Demographic & Firmographic Segmentation

Who Are Your Customers?

So far we have covered geographic segmentation and needs-based segmentation. As we move through our series on the types of segmentation, this post will cover demographic and firmographic segmentation – in short, who are your customers? I’m not being any more technical than understanding which consumers and businesses your targets are. Let's take a look at both.

Demographic Segmentation – Consumers

Companies that count consumers as their primary customers should already know this. Before you can target customers, you have to know who they are. Some key demographics:

  1. Gender
  2. Age
  3. Income
  4. Profession
  5. Family structure (married/single, kids/no kids, etc.)


Some of these are likely slam dunks depending on your product. In most cases, however, there are decisions to be made that might not be so obvious:

  1. Gender: Unless you are selling product targeted toward a specific gender, you still need to know the likelihood of each gender to consume your product. Understanding likely volumes of women and men will help you target sales and marketing messages to the correct audience.
  2. Age: This one can be tricky, because even if your product is targeted toward use with a specific market, caregivers and family members may also be a target. Baby products are geared toward a younger audience (so-called child-bearing years). Products for geriatrics might be targeted both to older people and those who care for them. You have to understand both the intended audience and the potential caregivers to this audience to market effectively.
  3. Income: Is your product a premium product that will only appeal to higher income individuals? If it is intended to be universal, you need to know what income group is most likely to want to buy your product. There may not be a defined group (or groups), but there may be. If you don’t know you might be missing an important piece of the puzzle.
  4. Profession: Are there specific job types that might benefit from your product? Or perhaps a specific industry? You need to validate these assumptions, both among those who are your hypothesized targets and other groups who are not. You need to understand the size of the group to properly adjust expectations. You may also be missing a group that you had not considered before.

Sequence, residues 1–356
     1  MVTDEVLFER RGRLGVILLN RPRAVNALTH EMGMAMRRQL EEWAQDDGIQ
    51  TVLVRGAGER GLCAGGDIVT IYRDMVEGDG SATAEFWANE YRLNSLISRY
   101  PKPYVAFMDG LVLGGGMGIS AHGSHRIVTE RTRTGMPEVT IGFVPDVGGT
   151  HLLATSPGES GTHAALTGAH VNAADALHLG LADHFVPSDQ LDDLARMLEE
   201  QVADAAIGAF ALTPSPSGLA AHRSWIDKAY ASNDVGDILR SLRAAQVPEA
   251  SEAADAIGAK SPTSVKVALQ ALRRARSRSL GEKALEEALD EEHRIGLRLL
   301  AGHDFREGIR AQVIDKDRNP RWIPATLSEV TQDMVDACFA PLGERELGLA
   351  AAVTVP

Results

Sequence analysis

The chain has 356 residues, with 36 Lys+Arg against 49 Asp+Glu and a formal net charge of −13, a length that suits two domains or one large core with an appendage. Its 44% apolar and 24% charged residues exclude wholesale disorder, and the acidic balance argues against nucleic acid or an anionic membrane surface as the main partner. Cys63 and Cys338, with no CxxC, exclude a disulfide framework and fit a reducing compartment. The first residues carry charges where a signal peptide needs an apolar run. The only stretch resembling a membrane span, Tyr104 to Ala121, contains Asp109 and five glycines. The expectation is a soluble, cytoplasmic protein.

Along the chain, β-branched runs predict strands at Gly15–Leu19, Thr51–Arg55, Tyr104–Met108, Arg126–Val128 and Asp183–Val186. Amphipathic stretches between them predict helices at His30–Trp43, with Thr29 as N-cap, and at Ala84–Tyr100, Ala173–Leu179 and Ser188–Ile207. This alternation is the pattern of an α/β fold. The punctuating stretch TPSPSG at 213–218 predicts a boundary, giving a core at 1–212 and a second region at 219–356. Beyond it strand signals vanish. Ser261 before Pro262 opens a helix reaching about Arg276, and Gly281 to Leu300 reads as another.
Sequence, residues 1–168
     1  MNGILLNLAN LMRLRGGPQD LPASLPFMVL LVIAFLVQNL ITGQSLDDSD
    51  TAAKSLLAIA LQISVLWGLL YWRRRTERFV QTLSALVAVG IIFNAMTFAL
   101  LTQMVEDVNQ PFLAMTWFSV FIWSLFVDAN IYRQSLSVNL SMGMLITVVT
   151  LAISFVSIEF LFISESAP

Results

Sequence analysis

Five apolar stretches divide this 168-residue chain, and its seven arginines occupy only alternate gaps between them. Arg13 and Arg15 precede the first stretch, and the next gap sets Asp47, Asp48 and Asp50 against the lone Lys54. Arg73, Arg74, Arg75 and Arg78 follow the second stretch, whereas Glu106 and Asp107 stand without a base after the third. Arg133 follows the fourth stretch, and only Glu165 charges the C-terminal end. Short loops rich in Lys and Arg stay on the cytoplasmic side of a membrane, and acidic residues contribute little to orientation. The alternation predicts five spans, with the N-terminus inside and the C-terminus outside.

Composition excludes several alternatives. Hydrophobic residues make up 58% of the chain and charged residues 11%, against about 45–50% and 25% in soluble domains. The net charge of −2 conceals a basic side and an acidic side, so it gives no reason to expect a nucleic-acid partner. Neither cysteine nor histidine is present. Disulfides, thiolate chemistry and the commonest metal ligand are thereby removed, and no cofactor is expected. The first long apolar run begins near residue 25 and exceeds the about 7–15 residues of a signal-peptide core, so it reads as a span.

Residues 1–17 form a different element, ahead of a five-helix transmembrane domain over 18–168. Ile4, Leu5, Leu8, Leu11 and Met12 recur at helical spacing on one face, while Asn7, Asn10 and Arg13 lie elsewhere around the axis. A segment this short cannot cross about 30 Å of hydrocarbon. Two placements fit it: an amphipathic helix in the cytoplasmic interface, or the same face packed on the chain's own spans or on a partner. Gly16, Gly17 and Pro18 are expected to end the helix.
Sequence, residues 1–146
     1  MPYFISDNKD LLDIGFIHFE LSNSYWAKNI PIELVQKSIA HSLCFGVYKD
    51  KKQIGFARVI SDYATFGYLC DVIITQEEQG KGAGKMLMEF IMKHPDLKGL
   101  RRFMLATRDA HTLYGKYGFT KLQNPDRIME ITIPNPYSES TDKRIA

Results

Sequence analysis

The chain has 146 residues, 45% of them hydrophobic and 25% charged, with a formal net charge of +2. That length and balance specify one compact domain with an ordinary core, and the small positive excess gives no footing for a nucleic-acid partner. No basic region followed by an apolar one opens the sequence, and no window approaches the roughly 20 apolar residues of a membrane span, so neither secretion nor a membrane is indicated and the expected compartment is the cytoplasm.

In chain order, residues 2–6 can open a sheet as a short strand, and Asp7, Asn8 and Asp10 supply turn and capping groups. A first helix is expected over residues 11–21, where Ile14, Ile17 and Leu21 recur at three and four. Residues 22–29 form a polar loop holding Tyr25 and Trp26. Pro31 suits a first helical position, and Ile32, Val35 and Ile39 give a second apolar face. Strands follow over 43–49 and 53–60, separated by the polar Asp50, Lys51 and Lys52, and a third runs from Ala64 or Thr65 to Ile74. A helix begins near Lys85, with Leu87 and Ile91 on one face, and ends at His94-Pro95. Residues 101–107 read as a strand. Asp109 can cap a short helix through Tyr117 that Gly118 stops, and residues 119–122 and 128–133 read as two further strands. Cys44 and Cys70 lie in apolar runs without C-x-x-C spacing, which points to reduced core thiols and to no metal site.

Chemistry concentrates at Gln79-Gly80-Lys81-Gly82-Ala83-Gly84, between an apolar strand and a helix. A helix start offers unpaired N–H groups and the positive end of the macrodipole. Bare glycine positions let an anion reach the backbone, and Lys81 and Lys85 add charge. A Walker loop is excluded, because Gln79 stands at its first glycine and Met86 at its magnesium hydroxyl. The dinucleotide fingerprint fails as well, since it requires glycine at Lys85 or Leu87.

5. Family structure: Married people may respond to certain products better than single people, and vice versa. Obviously, having kids plays a huge role in purchase habits. It is important to know, however, how important your product is to those who may not be your primary target.


Firmographic Segmentation – Businesses

If your company markets to businesses, there is a separate set of data that you need to understand. Some of these are related to demographics, but some are unique and can vary greatly depending on the industry or industries you work within.

For example, we have a robust practice in the dental field. Our clients market to dental practitioners, competing with numerous companies for a piece of their adhesive or filler business. They need to understand:

  1. The size of the practice (larger practices tend to purchase more and more often)
  2. Geographics (some companies own the market in a part of the country, making competition tougher)
  3. Technical or product sophistication of the dentist
  4. The primary influencer in the practice (dentist, hygienist, etc.)
  5. Current usage rates and reasons for use/non-use
  6. Age of the dentist (for newer products – see #3 above)

The firmographics that you need to know will vary greatly depending on your product. For every product, and every company that makes it, other information is more important to understand. The key, however, is to include as many pieces as you can to either validate your current hypothesis or open new revenue doors. 


Whether You Think You Already Know or Don’t, You Need to Ask

The key to all of this, no matter how elementary it seems, is that it is very important to quantify your customers using either demographics or firmographics (or both). A few things may happen:

  1. You will verify your hypotheses about your customers.
  2. You will quantify who they are and how to reach them.
  3. You may uncover other customer groups that you did not think existed.
  4. You may narrow your marketing to more specific targets.

There are myriad other possible outcomes as well. Either way, you will have more information from which to market effectively and will give your sales people additional information from which to target better. The key is to ask questions, including as many demographics/firmographic questions as you can so that you can effectively market to your customers.


We Know How to Ask the Right Questions

Actionable Research has been performing segmentation research for the past 2 decades. We can help you define your customer groups and give you the necessary information to market effectively. Give us a call and let us help!